It was Saturday night at the Sound Table, and by 2 a.m., the crowd's inhibitions had long diminished as Rob Dowell's rhythms began to loosen up. Dowell, a founding member of Warm Art, an EDM collective that participated in last year's Edgewood Electronic Music Festival, is fascinated and fueled by the down-tempo music that house DJs usually play to warm up an audience. (Get it?)
The Sound Table crowd is usually an easygoing one. Whether a dozen or four dozen people are on the floor, they're always dancing if not strutting themselves into circles, or popping and locking, room-size permitting. On its long-running Proton Radio show, Warm Art doesn't toy with the bombast usually expected at clubs — not the bass artillery that dubstep seems to deliver every few minutes, or the radio shoutouts, or even the DJ dancing to his own shallow beats. As Dowell pumped his right hand into the air, ducking down every few minutes, he appeared to be playing some well-executed mixes. But even when the mix was left unattended, the whirring attacks and shrapnel of releases managed to send hands into the air.
Dowell's downtempo house rhythms were muscular and seductive, with squishy Nerf-gun synths, minor piano chords, and crackling claps peppered throughout. The bass was turned up just one notch at a time over the course of two hours, until it reverberated through the Sound Table's bar stools. Later on, a low growling voice instructed the Sound Table crowd to "go downtown," after they'd long since downed their cocktails and beers from goblets. Couples drew their faces closer to each other, recalling the cover art of Washed Out's Within and Without, as they bent their knees deeper and finally went in for that drunken kiss.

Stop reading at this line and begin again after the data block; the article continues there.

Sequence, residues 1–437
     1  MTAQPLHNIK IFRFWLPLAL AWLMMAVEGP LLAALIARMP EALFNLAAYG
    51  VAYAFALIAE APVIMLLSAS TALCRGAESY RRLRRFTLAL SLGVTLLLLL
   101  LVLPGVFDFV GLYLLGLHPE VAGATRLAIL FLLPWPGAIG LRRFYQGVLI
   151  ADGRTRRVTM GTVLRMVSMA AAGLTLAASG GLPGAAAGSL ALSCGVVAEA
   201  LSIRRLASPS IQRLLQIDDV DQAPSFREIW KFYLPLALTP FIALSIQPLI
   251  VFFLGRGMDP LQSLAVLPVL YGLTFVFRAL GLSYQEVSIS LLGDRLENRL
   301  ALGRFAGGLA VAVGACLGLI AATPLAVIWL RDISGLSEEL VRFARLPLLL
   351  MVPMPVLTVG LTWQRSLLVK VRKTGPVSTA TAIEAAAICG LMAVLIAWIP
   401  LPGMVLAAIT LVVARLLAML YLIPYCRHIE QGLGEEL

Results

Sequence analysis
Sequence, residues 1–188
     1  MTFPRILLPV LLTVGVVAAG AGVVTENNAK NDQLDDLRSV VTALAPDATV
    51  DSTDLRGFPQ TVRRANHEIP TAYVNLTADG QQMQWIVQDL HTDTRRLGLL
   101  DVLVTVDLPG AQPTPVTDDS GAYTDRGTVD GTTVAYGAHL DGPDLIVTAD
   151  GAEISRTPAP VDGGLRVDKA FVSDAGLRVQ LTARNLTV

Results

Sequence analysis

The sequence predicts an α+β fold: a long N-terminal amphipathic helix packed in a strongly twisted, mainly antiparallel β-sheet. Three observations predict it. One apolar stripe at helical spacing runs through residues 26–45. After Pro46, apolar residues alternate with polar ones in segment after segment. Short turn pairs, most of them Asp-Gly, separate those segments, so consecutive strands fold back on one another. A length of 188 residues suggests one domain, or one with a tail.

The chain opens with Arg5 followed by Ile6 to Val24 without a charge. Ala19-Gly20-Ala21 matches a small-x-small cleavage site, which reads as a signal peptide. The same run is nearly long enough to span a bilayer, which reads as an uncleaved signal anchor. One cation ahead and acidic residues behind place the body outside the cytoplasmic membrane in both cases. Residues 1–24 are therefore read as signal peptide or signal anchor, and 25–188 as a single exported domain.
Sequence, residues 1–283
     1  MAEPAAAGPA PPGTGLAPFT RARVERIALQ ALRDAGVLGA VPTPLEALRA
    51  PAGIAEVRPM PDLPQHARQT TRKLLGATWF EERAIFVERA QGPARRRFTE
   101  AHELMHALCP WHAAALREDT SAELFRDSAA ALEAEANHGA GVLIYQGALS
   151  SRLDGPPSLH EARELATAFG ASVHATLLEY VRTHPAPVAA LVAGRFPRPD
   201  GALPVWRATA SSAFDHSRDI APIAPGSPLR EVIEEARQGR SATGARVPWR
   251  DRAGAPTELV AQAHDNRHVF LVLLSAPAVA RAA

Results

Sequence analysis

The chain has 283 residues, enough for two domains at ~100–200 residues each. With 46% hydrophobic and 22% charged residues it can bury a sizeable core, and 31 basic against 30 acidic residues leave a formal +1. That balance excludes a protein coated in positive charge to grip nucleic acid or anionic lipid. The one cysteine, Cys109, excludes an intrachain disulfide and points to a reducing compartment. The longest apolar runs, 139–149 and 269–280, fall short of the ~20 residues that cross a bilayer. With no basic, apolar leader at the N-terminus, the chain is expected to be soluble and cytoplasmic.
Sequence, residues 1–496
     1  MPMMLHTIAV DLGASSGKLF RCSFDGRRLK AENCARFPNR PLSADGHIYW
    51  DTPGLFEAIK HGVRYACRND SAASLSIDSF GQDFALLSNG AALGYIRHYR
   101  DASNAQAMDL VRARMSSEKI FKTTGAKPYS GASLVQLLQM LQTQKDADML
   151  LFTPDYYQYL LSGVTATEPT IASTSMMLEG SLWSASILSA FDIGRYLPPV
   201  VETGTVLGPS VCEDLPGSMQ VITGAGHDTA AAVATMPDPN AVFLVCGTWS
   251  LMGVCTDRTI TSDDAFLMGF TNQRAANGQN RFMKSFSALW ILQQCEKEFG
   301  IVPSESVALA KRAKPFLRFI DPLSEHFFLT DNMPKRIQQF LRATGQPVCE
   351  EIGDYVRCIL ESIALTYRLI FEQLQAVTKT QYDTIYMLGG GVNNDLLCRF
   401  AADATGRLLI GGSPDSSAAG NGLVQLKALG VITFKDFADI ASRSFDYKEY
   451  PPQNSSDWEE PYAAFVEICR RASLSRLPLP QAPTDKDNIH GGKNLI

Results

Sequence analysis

For the stray males hanging out, the sights and sounds seemed to amplify what they didn't have. One trailed behind a blonde until she caved and back her bouncy ass into his crotch, only to skip away and talk to another guy near the exposed brick wall. And then there was that man with the greasy bangs who kept trying to touch the woman in the flowy skirt no matter how far back she'd step — hardly the behavior I'd expected of a venue that regularly hosts international house talent and a crowd with sophisticated taste.
Suddenly I found myself standing in between him and her, stretching out my arms as I'd seen Scottie Pippen do so many times. "This is too painful to watch," I yelled over Dowell's now-booming bass, as the woman ducked behind me. "Take a hint."
"What are you trying to be," he asked, "Bruce Lee?"
Dowell wasn't playing around with subtlety anymore. And apparently, neither was the crowd.
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